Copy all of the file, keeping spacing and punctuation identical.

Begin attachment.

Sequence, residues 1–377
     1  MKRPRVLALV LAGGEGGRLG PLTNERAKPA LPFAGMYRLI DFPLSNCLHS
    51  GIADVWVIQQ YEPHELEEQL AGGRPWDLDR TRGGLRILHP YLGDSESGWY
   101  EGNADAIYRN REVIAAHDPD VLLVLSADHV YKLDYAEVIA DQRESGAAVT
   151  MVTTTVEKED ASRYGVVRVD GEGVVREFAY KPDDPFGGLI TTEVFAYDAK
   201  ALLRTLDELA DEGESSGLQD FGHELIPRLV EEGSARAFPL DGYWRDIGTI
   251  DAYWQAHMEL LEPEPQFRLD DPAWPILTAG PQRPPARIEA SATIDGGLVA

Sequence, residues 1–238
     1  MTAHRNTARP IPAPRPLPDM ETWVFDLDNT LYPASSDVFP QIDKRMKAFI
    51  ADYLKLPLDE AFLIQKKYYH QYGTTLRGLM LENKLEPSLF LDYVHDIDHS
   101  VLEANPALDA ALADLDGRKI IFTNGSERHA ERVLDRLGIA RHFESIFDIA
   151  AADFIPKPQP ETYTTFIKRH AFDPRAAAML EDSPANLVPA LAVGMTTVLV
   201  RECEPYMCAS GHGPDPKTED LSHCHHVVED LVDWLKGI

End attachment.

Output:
Sequence, residues 1–377
     1  MKRPRVLALV LAGGEGGRLG PLTNERAKPA LPFAGMYRLI DFPLSNCLHS
    51  GIADVWVIQQ YEPHELEEQL AGGRPWDLDR TRGGLRILHP YLGDSESGWY
   101  EGNADAIYRN REVIAAHDPD VLLVLSADHV YKLDYAEVIA DQRESGAAVT
   151  MVTTTVEKED ASRYGVVRVD GEGVVREFAY KPDDPFGGLI TTEVFAYDAK
   201  ALLRTLDELA DEGESSGLQD FGHELIPRLV EEGSARAFPL DGYWRDIGTI
   251  DAYWQAHMEL LEPEPQFRLD DPAWPILTAG PQRPPARIEA SATIDGGLVA

Sequence, residues 1–238
     1  MTAHRNTARP IPAPRPLPDM ETWVFDLDNT LYPASSDVFP QIDKRMKAFI
    51  ADYLKLPLDE AFLIQKKYYH QYGTTLRGLM LENKLEPSLF LDYVHDIDHS
   101  VLEANPALDA ALADLDGRKI IFTNGSERHA ERVLDRLGIA RHFESIFDIA
   151  AADFIPKPQP ETYTTFIKRH AFDPRAAAML EDSPANLVPA LAVGMTTVLV
   201  RECEPYMCAS GHGPDPKTED LSHCHHVVED LVDWLKGI